Tag Archives: moving to fethiye

Does Anyone Know What’s Happening?

It’s a time of uncertainty for those who want to become residents of Turkey.

It was announced some time ago that new regulations would come into force around April 11 and that everyone making a first application would have to apply in their own country. So far, we understood.

But this did pose challenges. For example, to obtain residency you need to show proof of having somewhere to live – a rental agreement or tapu (property deeds). Under the proposed system, rather than simply travelling to Turkey on a tourist visa, finding somewhere to hang your hat and then popping down to the Passport Polis (as many people do) you’d have to come back to the UK and hang around for up to 90 days. Surely there was a way of working round this?

Unfortunately, the Turkish Consulate had no answer to this or any other of the questions those of us planning to move had (and still have). They were seemingly unaware of the changes and simply told everyone they still had to apply in Turkey as usual, while the Turkish authorities said people should make appointments at the Consulate.

The result was a lot of wannabe ex-pats running around like headless chickens trying to find out what on earth was going on, what they were supposed to do and when they were supposed to do it.

Come D-Day and some polis stations refused new applications for a while, which caused particular problems for those on tourist visas about to expire. It was announced there’d be a delay before the changes were introduced; then that there’d be a “transition period”.

So does that mean business as usual for now? Er, no. One British applicant reports that some of the new requirements are now in force, such as having to provide a translated copy of your passport. But someone else says their local polis aren’t bothering with that bit.

Official notification has been woefully lacking and the upshot is that we’re all as much in the dark as ever. Which is why I’m glad I got my own residency sorted out a couple of months ago.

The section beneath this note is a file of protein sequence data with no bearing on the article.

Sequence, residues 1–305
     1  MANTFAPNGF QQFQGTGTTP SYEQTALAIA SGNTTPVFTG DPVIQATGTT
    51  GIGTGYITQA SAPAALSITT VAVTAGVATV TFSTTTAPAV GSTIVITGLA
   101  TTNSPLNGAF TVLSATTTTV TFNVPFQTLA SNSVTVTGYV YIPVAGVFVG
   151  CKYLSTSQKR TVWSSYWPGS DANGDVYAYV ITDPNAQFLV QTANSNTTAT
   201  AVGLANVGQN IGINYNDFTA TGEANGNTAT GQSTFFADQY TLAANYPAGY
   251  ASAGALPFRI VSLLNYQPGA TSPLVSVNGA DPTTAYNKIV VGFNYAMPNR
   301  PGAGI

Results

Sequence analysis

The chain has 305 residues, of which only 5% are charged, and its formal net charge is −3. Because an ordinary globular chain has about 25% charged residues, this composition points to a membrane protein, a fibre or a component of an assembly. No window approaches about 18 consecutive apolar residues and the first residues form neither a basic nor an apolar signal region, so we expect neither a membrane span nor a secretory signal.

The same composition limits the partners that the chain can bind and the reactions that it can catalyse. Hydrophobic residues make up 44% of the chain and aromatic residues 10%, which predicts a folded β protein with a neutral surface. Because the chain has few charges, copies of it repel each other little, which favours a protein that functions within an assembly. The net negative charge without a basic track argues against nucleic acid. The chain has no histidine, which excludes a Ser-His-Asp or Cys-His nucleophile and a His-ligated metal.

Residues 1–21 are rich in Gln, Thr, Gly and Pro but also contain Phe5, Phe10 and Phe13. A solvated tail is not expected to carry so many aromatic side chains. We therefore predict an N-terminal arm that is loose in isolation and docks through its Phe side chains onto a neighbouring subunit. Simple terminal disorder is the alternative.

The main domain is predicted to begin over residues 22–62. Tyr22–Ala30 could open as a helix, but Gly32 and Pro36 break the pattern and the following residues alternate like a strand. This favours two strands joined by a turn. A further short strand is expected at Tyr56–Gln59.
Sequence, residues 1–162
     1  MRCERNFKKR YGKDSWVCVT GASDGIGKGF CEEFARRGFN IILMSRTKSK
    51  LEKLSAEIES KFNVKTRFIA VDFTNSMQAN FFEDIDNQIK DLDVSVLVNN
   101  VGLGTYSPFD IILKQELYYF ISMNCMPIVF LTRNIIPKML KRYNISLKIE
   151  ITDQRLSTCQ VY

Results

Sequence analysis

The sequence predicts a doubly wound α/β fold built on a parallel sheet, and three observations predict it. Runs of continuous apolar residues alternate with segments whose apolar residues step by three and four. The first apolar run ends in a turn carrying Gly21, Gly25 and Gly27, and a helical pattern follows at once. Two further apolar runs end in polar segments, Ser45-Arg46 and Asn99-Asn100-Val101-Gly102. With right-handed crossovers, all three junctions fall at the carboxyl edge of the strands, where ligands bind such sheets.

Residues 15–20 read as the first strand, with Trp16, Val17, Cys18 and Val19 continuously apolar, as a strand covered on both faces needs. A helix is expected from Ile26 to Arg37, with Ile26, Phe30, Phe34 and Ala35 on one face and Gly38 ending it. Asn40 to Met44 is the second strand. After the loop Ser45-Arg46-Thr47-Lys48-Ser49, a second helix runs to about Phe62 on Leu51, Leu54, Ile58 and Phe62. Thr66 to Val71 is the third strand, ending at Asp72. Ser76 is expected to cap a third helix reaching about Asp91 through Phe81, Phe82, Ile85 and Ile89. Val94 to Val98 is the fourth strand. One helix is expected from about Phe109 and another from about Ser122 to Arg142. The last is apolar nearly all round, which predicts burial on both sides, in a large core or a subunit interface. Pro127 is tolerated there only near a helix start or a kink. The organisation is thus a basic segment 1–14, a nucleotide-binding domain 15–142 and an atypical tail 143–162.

But we still need to sort out two other members of the family, and I’m not sure what to do for the best. My ‘final’ flight out is booked, and I need to arrange theirs too. Do I just go ahead and trust that they’ll still be able to apply in Fethiye when the time comes? What if they can’t and have to come back again to apply in London – missing most of the summer and with nowhere to live? Do we hang on to see what happens next and run the risk of them not getting a flight around our chosen dates?

It’s hugely frustrating but very typical of the country we want to call home. Disorganisation, miscommunication and lack of information are very definitely its bureaucratic strong points.

Time to grit our teeth and remind ourselves – this is life in Türkiye….




Taking Up Residence

So another month has gone by…. So much has happened and yet there’s so much still to do!

I’ve been back in Fethiye for two weeks, the aim being to get the house ready and make sure we’ve got services like internet and electricity in place. I also wanted to apply for my residency permit, so that at least one of us can come and go as necessary.

I expected to have tales of a long and tortuous process to tell, based on what I’d heard from others. But, yet again, my Turkish heroes rode to my rescue – and it proved so simple as to almost be an anti-climax!

We collected the list of what was needed from the Passport Polis office and returned just an hour later with the necessary admin and paperwork completed. Handed it in, along with my passport, and received a slip of paper to help locate my documents when I returned. Job done. It’s amazing what happens when you have people who know where they’re going and who the need to see.